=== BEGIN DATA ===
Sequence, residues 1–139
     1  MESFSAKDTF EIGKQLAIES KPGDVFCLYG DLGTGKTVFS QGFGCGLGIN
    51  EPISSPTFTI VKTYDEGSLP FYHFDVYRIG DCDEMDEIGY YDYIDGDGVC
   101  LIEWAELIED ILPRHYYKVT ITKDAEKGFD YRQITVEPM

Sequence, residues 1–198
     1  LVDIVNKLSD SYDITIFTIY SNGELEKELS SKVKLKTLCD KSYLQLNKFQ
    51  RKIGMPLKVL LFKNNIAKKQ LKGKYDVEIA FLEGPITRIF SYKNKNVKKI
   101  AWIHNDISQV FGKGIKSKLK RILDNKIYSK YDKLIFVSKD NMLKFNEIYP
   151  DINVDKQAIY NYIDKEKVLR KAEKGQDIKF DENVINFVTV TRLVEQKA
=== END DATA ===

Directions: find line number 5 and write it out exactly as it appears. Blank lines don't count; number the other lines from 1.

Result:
Sequence, residues 1–198